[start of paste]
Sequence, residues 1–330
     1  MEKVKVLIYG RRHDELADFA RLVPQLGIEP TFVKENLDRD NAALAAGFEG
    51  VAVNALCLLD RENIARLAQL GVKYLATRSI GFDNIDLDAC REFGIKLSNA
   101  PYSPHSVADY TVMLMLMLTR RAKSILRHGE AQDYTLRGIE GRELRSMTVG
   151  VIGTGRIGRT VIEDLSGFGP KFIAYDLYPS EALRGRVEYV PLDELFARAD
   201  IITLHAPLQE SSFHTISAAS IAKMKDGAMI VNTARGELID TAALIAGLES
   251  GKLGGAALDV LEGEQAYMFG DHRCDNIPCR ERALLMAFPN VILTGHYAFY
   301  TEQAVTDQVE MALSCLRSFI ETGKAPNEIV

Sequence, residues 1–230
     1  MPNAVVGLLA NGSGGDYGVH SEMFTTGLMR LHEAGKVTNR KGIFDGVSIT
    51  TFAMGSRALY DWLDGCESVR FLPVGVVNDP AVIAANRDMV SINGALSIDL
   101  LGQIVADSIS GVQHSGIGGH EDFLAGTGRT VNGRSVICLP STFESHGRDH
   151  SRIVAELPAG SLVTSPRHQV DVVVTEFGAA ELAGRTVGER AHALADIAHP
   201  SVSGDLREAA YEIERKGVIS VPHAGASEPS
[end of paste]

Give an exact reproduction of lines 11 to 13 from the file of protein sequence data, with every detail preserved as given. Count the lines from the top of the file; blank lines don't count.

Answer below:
    51  TFAMGSRALY DWLDGCESVR FLPVGVVNDP AVIAANRDMV SINGALSIDL
   101  LGQIVADSIS GVQHSGIGGH EDFLAGTGRT VNGRSVICLP STFESHGRDH
   151  SRIVAELPAG SLVTSPRHQV DVVVTEFGAA ELAGRTVGER AHALADIAHP